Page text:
March 27, 2017

Iron Fist Is Surprisingly Soft

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Every time I watch an action movie I walk out with delusions of grandeur. I’ve been a kung fu master without a shred a discipline, a fearsome swordsman without a blade and a lethal sharpshooter without a day of training. Rocky turned every mirror into a fierce boxing opponent and the top of every staircase into the end of an epic training montage. Gladiator turned every oblong cylinder I could find into a sword and every room into a colosseum. Saving Private Ryan turned literally every object into a gun — and I mean that! I used to pretend to shoot “enemies” with my cat (he didn’t enjoy it nearly as much as I did).

What I’m trying to say is that I’m a sucker for good action. Give me fists, swords (*cough* lightsabers *cough*) or guns — I can forget about following the plot, disregard character development and gloss over glaring imperfections. That said, it’s nice when I don’t have to.

Every so often a film (or show, in this case) comes along that delivers good action AND survives a critical microscope. Sadly, Marvel’s Netflix exclusive Iron Fist isn’t one of those cases.

The problem starts right at the top, with the casting of Finn Jones as Danny Rand, the Iron Fist. You might know Jones from his role as Loras Tyrell in Game of Thrones. After watching Iron Fist, it seems Jones is more suited to the beautiful and graceful type roles like Ser Loras, not portraying a “living weapon.”

When I first heard about Iron Fist’s Netflix adaptation, I was excited! Like I said, I’m a big fan of action, and what’s cooler than beating the crap out of armed baddies with nothing but your own magical fist? (Answer: literally nothing; that’s the coolest thing ever.)

Unfortunately, I just can’t get my head around Jones in this role. I know that comparatively, Jones’ muscles make mine look like lukewarm mashed potatoes, but since we live in a world with action heroes like Dwayne Johnson and Hugh Jackman, it’s hard to accept an “Iron Fist” that wouldn’t weigh 200 pounds soaking wet. Jones’ speech and demeanor deepen this hole. He doesn’t come across as someone who spent years training with monks to be the pinnacle of fighting prowess.

On the topic of softness, Iron Fist largely follows two storylines: Rand’s life as the Iron Fist trying to destroy the Hand, the Netflix universe’s main bad guys, and his acclimation to normal life being involved in his father’s corporation. Unfortunately, the series spends way too much time on the latter. So often I found myself wanting another kickass action (and some of the action scenes are just that) scene instead of a boring jargon-filled office scene.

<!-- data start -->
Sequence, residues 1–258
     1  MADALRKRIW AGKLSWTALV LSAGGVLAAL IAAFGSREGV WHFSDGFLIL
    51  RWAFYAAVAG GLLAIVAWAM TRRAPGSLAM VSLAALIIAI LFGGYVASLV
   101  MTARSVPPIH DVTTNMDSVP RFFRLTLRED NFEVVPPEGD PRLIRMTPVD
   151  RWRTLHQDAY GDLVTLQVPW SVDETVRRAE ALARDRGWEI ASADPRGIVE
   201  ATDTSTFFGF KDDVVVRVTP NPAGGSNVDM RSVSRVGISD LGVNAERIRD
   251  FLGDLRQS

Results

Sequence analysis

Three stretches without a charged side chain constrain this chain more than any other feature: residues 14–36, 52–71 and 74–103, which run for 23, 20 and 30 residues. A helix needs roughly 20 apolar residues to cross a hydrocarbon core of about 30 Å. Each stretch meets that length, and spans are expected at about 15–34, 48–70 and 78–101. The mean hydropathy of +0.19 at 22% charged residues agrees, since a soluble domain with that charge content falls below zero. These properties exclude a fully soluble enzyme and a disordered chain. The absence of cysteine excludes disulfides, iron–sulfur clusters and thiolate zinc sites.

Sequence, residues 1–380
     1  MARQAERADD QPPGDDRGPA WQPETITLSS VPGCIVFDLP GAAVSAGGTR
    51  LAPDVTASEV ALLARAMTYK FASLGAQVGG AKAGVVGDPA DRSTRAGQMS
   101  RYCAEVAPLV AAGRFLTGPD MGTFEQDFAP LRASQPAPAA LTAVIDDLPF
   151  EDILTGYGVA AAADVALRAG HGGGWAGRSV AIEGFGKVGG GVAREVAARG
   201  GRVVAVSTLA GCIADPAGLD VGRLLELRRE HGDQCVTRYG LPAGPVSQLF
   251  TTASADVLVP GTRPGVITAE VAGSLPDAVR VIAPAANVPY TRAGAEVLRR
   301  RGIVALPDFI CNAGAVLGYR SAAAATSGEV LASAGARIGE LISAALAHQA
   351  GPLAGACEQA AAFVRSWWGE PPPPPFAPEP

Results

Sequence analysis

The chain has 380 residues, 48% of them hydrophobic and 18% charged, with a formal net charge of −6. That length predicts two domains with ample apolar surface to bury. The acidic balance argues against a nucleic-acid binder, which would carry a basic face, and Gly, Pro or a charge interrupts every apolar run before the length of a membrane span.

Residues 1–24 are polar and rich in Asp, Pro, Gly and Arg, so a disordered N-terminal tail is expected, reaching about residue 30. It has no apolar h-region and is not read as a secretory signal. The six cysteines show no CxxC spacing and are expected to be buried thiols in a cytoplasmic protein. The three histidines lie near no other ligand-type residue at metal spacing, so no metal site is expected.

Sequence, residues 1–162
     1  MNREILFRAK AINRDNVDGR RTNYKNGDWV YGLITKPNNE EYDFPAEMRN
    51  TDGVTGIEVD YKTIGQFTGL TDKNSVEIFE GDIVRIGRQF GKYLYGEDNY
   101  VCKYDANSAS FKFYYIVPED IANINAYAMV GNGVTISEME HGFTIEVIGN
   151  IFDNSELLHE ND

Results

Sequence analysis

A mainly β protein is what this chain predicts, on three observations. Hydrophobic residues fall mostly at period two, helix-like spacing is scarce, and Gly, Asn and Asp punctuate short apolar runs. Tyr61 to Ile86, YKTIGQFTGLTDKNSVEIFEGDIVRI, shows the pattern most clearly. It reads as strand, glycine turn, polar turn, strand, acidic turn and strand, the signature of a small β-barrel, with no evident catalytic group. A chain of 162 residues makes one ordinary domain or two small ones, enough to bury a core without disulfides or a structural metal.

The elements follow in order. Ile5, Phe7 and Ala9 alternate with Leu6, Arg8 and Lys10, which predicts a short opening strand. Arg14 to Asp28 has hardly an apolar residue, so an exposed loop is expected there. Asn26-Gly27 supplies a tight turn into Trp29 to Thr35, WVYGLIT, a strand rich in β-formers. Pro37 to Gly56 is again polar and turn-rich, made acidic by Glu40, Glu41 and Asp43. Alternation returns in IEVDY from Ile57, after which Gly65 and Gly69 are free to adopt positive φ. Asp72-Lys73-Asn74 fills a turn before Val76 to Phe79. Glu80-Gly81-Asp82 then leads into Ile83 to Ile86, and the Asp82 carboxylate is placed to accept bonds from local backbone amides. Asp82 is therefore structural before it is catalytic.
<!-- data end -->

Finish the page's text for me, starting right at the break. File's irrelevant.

Additionally, this series is extremely stretched out. It would’ve been a lot stronger if it took place over half as many episodes. So many story arcs, that I’ll refrain from mentioning for the sake of keeping things spoiler free, felt intentionally pulling to their limit just for the sake of extending the show’s runtime, with needless twists and turns culminating in unsatisfying conclusions.

I think it’s fair to compare this show to the comic book web series of years past, like Jessica Jones and Arrow. Sadly, it just doesn’t stack up. Iron Fist is Daredevil without the novelty, Luke Cage without the grit and The Flash without the emotion.

Recurring characters like Rosario Dawson’s Claire Temple and Madame Gao are sure to excite long-time Marvel Netflix and comic fans, but the new series doesn’t offer much in the way of new memorable characters apart from Colleen Wing and Joy Meachum, the two leading ladies. Played by Jessica Henwick and Jessica Stroup, respectively, the new love interest and old childhood friend are lively additions to the universe.

In the end, fans of the Marvel Netflix universe have probably either watched, started watching or queued up Iron Fist, and that’s fair — it’s a necessary set-up for the Defenders (which, despite my trepidations about this show, I think is still gonna be epic). Iron Fist isn’t great, but if you’re looking for a show to power through on a rainy day, it’s not a bad option.

Nick Smith is a freshman in the College of Arts and Sciences. He can be reached at [email protected].